Everyone experiences stress -adults, teens, and even children. Stress comes in many forms, whether it be a demanding job, a chronic disease, or even an argument with a loved one. Even stress from positive experiences, such as party planning - can result in the same physical and emotional disruption on your health.
The quickest way to relieve stress is to release endorphins through exercise. This can even be something as simple as shaking or moving around. Dancing can also be a great form of stress relief that loosens your muscles as well as clears your mind.
Breathing is something we take for granted. We do it all day, every day and yet the fantastic healing powers are so easily overlooked. When practicing deep breathing your relaxed breathing pattern seems to calm the nervous system that controls the body’s involuntary functions. Take a breath!
Eating a well-balanced diet can help you feel better in general. Not only will it help control your moods, but it also helps regulate stress levels. Your meals should be packed full of veggies, fruit, whole grains, and lean protein for energy. It’s important when talking about meals, that you don’t skip meals because it can tend to actually increase your stress.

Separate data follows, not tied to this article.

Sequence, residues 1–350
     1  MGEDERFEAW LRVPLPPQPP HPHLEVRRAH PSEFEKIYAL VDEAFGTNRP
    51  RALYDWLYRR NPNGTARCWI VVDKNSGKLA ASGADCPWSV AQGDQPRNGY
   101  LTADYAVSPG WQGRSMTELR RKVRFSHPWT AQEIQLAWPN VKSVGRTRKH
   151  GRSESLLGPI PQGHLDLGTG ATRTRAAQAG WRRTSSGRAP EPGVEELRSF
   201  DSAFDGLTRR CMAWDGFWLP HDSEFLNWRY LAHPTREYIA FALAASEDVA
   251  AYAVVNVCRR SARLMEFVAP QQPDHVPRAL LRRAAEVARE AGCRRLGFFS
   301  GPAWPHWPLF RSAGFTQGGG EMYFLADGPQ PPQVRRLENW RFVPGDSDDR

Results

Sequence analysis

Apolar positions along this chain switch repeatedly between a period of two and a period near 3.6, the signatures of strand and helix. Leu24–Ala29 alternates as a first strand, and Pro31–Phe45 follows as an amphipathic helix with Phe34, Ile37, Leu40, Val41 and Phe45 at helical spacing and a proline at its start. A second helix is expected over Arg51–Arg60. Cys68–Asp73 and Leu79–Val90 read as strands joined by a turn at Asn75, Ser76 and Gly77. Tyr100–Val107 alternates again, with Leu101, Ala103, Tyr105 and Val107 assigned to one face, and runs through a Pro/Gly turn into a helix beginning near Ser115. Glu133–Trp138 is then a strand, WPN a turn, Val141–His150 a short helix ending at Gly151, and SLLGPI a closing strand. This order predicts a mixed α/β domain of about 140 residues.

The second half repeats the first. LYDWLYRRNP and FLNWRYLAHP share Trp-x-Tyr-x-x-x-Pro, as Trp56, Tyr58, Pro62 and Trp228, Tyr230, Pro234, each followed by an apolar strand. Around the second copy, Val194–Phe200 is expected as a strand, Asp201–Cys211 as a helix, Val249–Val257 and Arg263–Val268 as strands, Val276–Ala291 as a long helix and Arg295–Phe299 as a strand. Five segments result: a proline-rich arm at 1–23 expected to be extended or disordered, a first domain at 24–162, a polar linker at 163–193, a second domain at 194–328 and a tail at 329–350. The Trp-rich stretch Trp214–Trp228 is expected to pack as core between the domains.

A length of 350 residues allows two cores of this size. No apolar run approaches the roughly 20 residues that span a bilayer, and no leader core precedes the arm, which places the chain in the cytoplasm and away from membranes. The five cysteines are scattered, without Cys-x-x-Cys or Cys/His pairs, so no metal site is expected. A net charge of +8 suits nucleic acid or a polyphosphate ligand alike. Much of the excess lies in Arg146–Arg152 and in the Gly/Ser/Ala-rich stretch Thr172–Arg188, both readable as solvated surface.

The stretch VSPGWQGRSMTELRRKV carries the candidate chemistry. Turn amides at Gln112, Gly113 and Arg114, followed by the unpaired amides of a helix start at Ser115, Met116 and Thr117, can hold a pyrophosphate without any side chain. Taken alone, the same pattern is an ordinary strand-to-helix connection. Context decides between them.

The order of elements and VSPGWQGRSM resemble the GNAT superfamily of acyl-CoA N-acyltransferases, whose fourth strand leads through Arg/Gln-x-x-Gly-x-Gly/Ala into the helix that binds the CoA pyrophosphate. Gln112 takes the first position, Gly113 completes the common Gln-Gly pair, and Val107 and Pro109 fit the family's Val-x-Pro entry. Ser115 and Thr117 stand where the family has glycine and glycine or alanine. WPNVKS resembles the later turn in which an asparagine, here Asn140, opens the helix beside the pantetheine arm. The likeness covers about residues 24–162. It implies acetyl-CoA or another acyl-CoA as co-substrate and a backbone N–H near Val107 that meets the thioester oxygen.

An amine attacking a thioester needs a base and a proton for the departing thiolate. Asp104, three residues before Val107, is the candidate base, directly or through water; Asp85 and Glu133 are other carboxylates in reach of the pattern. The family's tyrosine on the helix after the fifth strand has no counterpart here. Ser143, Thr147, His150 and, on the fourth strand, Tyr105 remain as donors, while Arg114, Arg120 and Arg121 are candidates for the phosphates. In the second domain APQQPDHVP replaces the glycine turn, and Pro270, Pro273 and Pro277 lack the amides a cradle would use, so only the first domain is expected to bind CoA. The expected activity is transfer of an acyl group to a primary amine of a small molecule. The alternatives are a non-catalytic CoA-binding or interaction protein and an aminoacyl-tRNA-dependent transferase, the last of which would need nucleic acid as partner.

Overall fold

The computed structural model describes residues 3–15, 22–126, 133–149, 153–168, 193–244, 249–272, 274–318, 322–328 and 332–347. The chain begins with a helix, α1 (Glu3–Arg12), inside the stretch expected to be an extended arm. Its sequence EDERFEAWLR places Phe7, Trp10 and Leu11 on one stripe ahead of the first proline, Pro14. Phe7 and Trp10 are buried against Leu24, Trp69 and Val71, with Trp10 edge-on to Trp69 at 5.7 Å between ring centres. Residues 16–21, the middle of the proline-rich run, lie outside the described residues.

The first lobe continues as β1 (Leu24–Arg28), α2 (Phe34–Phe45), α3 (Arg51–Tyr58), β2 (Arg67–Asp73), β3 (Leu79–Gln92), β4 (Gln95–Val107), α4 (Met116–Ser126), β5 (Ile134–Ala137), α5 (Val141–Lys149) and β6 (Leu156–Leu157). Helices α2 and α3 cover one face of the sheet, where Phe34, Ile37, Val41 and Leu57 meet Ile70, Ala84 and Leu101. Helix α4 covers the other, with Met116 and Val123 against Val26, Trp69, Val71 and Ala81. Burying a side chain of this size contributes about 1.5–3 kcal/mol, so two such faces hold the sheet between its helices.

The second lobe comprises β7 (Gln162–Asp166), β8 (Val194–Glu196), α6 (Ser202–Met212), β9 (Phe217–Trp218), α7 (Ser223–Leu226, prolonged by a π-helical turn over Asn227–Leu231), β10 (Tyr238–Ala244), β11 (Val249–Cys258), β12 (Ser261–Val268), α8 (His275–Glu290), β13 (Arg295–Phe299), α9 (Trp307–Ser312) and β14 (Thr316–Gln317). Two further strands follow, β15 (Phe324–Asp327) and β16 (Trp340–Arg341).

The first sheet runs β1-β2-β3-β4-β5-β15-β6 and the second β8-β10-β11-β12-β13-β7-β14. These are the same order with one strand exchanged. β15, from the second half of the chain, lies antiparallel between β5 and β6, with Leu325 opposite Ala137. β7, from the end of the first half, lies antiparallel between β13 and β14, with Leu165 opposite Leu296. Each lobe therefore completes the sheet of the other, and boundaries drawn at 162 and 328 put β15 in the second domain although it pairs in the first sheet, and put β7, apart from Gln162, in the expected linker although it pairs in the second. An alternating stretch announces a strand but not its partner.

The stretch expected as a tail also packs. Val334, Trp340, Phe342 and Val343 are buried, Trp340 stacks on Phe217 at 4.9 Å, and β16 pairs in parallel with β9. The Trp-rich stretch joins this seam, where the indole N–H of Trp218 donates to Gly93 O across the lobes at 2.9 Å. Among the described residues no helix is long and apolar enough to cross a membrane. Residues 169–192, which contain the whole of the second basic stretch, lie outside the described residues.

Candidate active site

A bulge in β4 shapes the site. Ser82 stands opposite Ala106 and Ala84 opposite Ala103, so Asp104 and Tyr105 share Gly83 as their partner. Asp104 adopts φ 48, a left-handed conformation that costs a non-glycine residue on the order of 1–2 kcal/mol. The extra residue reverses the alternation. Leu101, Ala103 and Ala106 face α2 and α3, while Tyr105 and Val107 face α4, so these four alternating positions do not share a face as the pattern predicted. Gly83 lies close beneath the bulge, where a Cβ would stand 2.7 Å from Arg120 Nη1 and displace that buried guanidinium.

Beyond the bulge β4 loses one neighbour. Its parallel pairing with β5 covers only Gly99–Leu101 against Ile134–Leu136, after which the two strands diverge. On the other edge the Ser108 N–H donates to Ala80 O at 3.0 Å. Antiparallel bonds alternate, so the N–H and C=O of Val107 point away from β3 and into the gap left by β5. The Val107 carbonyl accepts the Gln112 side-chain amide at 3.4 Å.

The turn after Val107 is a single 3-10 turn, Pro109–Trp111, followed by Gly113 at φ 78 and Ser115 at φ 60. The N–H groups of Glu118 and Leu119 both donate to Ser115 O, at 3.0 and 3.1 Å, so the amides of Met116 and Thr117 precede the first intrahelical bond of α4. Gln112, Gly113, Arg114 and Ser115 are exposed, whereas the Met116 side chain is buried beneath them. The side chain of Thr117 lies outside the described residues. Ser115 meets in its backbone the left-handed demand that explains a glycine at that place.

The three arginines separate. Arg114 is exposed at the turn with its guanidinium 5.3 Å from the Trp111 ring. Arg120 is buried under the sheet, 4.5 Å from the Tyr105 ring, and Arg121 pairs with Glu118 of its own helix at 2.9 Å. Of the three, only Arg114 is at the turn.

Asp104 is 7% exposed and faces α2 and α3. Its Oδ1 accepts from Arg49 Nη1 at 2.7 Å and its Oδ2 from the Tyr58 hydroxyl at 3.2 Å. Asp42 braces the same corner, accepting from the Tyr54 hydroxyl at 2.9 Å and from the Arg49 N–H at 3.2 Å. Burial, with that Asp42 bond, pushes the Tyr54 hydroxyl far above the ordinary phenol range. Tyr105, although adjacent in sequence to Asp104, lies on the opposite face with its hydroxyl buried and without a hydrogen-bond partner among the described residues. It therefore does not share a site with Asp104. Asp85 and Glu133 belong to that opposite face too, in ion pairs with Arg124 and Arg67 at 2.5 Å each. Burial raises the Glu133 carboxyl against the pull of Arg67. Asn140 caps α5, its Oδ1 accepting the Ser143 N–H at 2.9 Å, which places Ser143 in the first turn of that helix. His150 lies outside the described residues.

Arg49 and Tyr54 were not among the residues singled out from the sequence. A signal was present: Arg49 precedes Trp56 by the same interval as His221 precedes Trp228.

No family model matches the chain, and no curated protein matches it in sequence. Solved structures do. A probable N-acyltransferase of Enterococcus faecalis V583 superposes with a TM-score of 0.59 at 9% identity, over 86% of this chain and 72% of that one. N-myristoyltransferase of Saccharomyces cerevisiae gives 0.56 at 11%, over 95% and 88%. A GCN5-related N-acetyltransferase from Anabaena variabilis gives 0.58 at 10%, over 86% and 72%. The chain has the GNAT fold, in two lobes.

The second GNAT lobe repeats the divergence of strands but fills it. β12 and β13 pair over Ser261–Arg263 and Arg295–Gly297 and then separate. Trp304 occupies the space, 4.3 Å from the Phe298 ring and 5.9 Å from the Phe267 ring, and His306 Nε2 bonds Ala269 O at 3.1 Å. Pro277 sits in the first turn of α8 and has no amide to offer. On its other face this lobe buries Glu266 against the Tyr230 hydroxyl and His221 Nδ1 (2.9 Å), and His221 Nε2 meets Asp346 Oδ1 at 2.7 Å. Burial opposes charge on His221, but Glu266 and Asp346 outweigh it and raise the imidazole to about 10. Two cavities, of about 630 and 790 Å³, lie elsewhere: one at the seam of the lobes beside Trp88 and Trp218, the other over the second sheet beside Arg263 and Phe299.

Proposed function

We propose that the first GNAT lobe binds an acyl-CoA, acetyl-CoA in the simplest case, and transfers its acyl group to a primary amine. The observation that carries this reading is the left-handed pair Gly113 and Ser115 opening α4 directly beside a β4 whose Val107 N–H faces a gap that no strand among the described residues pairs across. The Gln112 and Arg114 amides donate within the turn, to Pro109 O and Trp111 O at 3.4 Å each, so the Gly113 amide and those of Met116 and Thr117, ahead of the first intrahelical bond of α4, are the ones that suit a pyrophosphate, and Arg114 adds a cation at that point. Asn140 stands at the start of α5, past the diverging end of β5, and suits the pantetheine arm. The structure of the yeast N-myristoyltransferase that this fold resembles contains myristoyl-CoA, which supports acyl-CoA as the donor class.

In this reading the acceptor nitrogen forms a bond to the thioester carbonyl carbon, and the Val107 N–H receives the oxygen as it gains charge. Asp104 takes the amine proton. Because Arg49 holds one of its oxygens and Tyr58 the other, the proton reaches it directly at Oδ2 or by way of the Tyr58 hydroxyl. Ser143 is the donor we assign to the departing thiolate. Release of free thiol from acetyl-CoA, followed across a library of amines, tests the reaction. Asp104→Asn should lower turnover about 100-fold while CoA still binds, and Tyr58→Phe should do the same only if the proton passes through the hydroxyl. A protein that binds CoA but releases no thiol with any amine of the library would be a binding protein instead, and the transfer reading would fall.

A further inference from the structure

Take a Break
Meditation, Yoga, Listening to Music, Walking in Nature, Reflection.
Along with a positive attitude, you can reduce stress in your life by carving out “me” time. It is easy to get caught in the hustle and bustle of life that it can seem very overwhelming at times. Making sure to set aside time for yourself to relax and enjoy life.
Reading, Knitting, Crafts, Sports, Running, Movies, Puzzles, Board Games. Doing things that you enjoy is a natural way to relieve stress and find your happy place. When stress has you down doing something that makes you happy even for 10-15 minutes can make a world of difference and help nip that stress in the butt.
Talk about it
If something is bothering you, it is important to let those feelings out. Talking about issues can help lower your stress levels. You can choose to talk to a family member, friends, your doctor, trusted community members or even a therapist.
Talking about it doesn’t always have to involve another person either. Talking to yourself out loud has been proven to help, it’s called self-talk and we all do it! One important thing to remember when engaging in self-talk is to make sure it’s positive and not negative.